NEW YORK (AP) - A woman pretending to be a countess and two con men sought to cheat investors by hyping fictional deals - involving diamonds, crude oil and vodka - they claimed were backed by the Guggenheim family, prosecutors said Monday.
Federal agents arrested the men charged in the failed scheme in New York early Monday but were still searching for Catarina Pietra Toumei, of Rancho Santa Fe, Calif.
As part of her pitch, authorities say, Toumei, falsely told one potential investor that she was married to actor John Ratzenberger, who played know-it-all postman Cliff Clavin in the classic sitcom "Cheers" and has a role in "Toy Story 3."
Ratzenberger indeed had "a short-lived relationship with Ms. Toumei," his publicist said in a statement, but he was "unaware of this alleged criminal activity and is saddened that her life has taken this turn."
David Birnbaum and Vladimir Zuravel, accused of trying to pass themselves off as Guggenheim descendants, were released on bond following a brief appearance Monday in federal court in Manhattan.
Outside court, Zuravel, 45, insisted that Birnbaum was a legitimate billionaire heir of the Guggenheim family, which is famous for making a fortune in mining and smelting and for its philanthropic contributions to aviation and art, including several museums around the world. The former cab driver from Russia told reporters that Birnbaum, 67, considered him a son, taught him about finance and allowed him to use the Guggenheim name for business.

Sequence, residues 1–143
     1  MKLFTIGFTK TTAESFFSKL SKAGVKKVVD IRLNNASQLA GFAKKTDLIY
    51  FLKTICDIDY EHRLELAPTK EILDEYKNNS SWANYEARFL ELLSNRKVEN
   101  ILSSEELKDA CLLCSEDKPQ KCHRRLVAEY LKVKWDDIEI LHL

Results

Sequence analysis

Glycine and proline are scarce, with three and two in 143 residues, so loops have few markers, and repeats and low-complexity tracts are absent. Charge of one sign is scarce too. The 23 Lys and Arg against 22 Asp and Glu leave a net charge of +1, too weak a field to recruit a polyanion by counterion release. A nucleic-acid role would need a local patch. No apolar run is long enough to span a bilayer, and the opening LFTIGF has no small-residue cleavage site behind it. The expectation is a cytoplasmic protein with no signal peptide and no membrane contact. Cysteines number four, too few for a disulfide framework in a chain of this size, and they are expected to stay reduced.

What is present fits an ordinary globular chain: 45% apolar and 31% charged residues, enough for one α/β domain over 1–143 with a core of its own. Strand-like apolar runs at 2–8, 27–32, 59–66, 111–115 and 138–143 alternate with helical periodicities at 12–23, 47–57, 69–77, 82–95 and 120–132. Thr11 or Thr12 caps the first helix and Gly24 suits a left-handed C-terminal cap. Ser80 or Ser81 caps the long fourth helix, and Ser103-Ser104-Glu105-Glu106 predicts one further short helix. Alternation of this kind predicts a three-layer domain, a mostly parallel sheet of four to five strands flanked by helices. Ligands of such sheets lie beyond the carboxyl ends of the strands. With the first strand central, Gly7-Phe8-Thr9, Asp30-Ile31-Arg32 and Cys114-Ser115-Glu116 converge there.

Birnbaum "is an extremely honest person," he said. "It's just a simple mixup."
The criminal complaint accuses the three of claiming they were selling $1 billion in diamonds of up to 20 carats from "the private collection of the Guggenheim family." They also pitched one deal to distribute vodka and another purportedly brokering $4 billion in Iraqi crude oil for a Guggenheim-owned refinery in China, the complaint says.
The alleged grifters "used the Guggenheim surname and falsely claimed membership in the famous philanthropic family to gain access to highly regarded and/or wealthy individuals," the complaint says. "In reality, however, the defendants are not known descendants of, or have any relationship to, the famous Guggenheim family."
In telephone conferences with potential investors, the men identified themselves as "David B. Guggenheim" and "Vladimir Z. Guggenheim," the court papers say. Toumei, 45, called herself "Lady Catarina Pietra Toumei" and used stationery bearing "Guggenheim Fund," they add.
Federal authorities brought the criminal case after Guggenheim Capital, an investment firm with rooted with the family, sued the three defendants, accusing them of using the name without permission.
If convicted of conspiracy, the three each could face up to 20 years in prison.
On her LinkedIn page, Toumei describes herself as being "involved in philanthropic and humanitarian efforts" and says that she was "bestowed" the title of "Lady" by European royalty for her charity work. She lists previous jobs as broadcast reporter, publicist and best-selling writer.
One Internet posting features a photograph of Toumei chatting with Prince Albert of Monaco at a charity event.
Asked about Toumei, Zuravel described her as a "secretary" who "did a lot of stupid mistakes. ... She's like a hyper girl."
Associated Press writer Cristian Salazar and researcher Barbara Sambriski contributed to this report.